MadSci Network: Botany

Re: Capillary action in flowers with hot water?

Date: Tue Oct 30 20:40:05 2001
Posted By: David Hershey, Faculty, Botany, NA
Area of science: Botany
ID: 1004404831.Bt

You certainly have an interesting observation. I assume that the 150 degree F 
temperature has no effect on the dye itself. You could confirm that by allowing 
the dye solution to cool and then see of it colors the flowers as well as the 
80 degree F dye solution that was never heated.

One possibility is that cells at the base of the stem are being damaged by the 
heat and water is not moving up the stem to the flower. It seems likely the hot 
water would cool before it gets to the flowers. Do the flowers in hot water 
wilt after the treatment? If so, that would indicate the stem base was being 
damaged by heat. If you later place previously heat-treated flowers in room 
temperature dye, does the dye then color the flowers? If not, then that would 
also confirm heat damage to the stem.

Another effect that may be involved is that air solubility in water decreases 
as the temperature increases. This could possibly result in air bubbles forming 
in the flower stem xylem and cause an air blockage to water flow. This is 
termed an air embolism. Cut flower stems are recut under water in order to 
remove any air embolisms.

Another possibility is that the hot dye is being bound or inactivated as it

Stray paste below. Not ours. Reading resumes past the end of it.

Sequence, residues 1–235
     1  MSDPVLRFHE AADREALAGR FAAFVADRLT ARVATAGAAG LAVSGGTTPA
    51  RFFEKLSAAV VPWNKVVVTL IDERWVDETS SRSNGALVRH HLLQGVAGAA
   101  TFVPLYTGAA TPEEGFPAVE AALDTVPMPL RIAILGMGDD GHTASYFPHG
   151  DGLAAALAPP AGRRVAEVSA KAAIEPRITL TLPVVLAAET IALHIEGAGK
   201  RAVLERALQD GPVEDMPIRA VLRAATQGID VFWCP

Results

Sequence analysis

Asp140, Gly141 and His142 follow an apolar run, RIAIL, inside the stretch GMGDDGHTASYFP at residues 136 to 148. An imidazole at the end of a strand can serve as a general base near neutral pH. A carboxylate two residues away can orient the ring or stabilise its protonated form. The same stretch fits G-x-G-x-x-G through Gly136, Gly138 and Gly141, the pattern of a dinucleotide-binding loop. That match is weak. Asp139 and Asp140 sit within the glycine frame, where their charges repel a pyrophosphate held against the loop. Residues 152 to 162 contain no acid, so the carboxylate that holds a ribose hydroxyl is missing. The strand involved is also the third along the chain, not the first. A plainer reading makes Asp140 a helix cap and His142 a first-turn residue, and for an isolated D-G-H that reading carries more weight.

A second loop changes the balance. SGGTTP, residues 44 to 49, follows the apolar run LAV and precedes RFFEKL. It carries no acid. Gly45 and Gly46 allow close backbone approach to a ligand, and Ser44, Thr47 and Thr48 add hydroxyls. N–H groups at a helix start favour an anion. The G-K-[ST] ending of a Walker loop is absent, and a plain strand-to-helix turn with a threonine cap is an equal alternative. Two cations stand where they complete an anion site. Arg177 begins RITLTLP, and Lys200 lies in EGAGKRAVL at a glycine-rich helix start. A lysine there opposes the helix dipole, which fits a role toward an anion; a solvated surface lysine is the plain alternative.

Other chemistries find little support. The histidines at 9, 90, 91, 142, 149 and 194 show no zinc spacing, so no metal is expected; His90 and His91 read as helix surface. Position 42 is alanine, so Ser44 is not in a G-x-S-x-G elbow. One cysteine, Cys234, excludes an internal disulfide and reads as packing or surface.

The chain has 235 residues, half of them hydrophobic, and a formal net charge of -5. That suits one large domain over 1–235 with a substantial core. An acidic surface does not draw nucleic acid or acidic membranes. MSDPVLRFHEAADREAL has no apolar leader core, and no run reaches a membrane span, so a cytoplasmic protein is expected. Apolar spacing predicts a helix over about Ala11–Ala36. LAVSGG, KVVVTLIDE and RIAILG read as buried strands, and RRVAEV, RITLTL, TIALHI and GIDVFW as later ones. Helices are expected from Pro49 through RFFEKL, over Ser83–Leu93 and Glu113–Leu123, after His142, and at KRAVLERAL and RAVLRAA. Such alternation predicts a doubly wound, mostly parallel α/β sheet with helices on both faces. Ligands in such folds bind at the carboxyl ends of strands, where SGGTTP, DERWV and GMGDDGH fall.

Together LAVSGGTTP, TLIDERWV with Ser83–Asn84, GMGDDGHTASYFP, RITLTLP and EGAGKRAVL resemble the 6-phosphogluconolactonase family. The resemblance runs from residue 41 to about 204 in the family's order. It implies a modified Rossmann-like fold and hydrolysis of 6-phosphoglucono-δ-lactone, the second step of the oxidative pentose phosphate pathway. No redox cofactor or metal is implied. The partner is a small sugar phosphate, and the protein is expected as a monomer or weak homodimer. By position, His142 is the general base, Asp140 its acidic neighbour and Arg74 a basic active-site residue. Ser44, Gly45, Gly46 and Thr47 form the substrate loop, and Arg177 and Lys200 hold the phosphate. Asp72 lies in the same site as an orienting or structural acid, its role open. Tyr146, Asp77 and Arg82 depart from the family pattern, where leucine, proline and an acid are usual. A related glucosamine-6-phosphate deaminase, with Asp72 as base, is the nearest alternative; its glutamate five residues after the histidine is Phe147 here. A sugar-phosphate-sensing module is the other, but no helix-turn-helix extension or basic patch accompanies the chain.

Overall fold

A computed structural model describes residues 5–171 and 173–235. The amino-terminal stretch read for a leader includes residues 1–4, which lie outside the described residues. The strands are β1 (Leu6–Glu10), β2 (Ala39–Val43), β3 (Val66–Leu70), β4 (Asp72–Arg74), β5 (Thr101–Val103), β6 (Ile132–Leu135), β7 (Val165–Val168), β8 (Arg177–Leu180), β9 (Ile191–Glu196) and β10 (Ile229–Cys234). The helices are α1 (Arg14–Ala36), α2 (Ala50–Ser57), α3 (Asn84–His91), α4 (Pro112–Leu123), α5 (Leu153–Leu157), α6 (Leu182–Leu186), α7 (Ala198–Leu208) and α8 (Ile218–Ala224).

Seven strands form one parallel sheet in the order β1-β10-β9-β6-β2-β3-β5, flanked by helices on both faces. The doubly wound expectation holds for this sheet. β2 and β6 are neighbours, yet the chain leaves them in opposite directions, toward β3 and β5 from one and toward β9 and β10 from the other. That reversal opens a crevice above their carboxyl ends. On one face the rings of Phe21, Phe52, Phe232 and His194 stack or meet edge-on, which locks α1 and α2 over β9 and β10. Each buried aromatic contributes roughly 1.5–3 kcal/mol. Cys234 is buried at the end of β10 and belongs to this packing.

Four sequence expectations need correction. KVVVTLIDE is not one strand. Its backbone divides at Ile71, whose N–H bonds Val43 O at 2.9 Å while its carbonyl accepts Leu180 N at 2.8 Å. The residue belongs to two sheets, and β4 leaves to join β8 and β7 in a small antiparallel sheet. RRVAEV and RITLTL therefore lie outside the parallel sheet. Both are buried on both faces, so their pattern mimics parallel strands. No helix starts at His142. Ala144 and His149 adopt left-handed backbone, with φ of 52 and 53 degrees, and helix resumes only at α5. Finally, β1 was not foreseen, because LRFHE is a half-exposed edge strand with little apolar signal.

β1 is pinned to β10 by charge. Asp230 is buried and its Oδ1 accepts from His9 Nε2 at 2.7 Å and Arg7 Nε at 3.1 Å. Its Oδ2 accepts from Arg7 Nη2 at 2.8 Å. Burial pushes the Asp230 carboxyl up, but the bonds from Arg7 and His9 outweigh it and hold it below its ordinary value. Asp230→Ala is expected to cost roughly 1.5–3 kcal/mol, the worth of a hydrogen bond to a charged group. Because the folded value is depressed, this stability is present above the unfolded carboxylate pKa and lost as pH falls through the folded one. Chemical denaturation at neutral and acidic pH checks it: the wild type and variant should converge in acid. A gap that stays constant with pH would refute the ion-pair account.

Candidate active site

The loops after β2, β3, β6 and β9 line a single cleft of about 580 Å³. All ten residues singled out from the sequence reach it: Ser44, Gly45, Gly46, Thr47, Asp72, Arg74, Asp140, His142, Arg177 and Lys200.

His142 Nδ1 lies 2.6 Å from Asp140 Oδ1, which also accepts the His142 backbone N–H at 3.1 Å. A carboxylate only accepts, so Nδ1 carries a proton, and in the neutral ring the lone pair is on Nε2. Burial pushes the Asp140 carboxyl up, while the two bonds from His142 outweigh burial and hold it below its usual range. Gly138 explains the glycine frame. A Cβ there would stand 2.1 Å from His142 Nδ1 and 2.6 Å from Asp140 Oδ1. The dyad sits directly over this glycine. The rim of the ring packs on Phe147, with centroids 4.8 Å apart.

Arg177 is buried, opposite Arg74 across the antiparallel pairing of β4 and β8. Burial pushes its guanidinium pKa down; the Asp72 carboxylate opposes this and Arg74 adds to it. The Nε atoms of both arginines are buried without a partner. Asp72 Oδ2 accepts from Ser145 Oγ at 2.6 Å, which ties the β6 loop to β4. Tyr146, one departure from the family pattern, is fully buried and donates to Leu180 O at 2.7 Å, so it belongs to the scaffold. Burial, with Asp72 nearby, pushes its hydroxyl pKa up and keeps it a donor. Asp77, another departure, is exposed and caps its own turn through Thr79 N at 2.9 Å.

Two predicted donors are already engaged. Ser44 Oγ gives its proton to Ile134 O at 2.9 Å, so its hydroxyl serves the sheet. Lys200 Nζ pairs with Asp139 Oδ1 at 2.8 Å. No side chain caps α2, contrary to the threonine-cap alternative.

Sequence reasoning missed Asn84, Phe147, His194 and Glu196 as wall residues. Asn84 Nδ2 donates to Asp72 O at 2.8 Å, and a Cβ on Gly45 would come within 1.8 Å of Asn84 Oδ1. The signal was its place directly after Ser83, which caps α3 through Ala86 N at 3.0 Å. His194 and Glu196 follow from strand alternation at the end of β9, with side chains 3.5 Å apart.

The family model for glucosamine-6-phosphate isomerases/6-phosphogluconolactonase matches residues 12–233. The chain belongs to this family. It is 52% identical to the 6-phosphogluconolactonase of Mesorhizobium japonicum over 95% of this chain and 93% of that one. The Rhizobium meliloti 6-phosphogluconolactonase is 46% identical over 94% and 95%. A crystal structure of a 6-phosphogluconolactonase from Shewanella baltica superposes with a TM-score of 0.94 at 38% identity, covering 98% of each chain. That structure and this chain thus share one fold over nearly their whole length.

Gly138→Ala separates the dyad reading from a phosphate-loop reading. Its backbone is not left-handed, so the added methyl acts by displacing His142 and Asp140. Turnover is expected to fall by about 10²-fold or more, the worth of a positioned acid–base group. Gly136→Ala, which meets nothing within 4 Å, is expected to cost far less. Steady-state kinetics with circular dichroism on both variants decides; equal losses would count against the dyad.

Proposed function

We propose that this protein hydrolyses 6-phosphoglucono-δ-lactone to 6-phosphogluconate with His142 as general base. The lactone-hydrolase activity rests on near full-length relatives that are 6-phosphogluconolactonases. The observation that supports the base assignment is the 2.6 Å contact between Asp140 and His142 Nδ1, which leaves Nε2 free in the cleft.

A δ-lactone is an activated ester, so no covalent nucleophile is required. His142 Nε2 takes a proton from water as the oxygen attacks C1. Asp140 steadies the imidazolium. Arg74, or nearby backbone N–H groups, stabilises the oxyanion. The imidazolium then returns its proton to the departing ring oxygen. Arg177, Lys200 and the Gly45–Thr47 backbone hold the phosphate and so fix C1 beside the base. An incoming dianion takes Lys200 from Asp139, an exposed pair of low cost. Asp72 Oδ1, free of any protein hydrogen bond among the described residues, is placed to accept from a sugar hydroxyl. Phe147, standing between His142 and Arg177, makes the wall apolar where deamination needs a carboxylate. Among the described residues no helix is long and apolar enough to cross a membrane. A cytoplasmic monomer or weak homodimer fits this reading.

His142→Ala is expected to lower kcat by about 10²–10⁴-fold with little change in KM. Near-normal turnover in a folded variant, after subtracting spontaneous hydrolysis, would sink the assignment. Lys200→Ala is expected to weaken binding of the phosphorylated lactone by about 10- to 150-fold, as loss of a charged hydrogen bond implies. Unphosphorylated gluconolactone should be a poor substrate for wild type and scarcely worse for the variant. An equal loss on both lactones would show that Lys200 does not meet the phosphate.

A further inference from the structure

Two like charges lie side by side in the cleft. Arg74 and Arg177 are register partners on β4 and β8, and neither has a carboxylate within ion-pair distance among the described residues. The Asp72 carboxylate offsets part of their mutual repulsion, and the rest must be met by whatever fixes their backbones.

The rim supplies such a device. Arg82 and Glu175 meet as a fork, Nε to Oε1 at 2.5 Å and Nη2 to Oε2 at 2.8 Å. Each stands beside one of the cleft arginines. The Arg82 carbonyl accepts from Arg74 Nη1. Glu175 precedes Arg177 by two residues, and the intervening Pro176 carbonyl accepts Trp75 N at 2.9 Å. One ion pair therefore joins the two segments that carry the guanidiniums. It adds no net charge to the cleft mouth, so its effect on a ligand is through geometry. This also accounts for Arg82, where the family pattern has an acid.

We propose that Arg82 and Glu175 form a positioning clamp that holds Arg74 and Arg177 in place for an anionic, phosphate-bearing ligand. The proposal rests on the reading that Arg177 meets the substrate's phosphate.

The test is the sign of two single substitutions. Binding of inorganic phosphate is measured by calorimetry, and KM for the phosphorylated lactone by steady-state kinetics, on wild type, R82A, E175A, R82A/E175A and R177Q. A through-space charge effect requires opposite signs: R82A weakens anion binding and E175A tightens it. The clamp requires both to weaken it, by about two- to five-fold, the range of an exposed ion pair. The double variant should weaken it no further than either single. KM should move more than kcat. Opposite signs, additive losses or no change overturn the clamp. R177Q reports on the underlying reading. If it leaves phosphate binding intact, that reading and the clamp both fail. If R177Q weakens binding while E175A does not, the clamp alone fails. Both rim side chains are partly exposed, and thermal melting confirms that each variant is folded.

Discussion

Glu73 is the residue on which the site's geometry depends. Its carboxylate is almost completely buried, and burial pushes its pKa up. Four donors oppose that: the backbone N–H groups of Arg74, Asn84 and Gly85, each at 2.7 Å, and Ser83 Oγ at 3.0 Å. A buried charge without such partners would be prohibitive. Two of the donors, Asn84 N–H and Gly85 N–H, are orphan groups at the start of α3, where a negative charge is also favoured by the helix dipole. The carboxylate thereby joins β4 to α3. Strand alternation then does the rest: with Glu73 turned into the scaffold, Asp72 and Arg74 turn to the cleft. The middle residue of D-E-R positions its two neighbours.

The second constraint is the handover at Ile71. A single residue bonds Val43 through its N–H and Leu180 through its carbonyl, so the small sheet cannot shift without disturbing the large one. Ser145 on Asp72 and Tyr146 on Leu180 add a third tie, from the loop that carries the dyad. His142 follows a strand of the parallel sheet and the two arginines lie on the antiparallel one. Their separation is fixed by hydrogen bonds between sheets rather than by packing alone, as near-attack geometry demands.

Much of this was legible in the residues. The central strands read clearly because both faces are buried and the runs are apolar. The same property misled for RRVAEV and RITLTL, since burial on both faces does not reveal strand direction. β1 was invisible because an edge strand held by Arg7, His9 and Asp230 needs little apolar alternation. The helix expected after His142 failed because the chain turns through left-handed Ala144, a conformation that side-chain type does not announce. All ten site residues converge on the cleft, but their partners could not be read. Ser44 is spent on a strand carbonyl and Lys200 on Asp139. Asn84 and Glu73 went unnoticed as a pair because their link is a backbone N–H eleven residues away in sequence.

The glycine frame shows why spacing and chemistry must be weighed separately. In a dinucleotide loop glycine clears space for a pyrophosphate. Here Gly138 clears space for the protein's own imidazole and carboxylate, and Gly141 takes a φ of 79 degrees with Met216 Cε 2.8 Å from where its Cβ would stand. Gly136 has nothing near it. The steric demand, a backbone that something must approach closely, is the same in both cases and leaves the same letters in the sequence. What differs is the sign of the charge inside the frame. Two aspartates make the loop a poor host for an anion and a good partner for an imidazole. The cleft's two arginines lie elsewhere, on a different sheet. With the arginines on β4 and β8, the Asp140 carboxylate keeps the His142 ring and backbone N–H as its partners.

passes through the flower stalk, possibly by heat-damaged cells or substances 
that leak out of them. Do you get the same results with all dye colors? Have 
you tried splitting the base of a flower stem and placing half the split stem 
in one temperature dye and the other half in the other temperature dye? 

Technically, you are not dealing with capillary action. Capillary action is not 
really responsible for upward movement of water in intact plants or food 
coloring in cut stems of living plants. Capillary action occurs in initially 
empty, small diameter tubes with both ends open. The empty tube is stood 
upright with the bottom end just under the surface of water, and water moves up 
the empty tube. The smaller the tube diameter, the higher the water rises. 
Unless you cut both the top and bottom of the stem and the plant xylem is empty 
of water to begin with, in which case the plant would most likely be dead, then 
it does not meet the conditions for capillary action. 

What occurs in water and dye uptake by cut flowers is mainly water flow in 
response to a water potential gradient from vase to stem to flower. Dye is 
mainly carried along with the water, although there may also be some diffusion 
of dye. Water moves from higher to lower (more negative) water potential. It is 
recommended to slightly wilt the cut flowers prior to dye application in order 
to speed water uptake by the flower.

Postharvest of Cut Flowers

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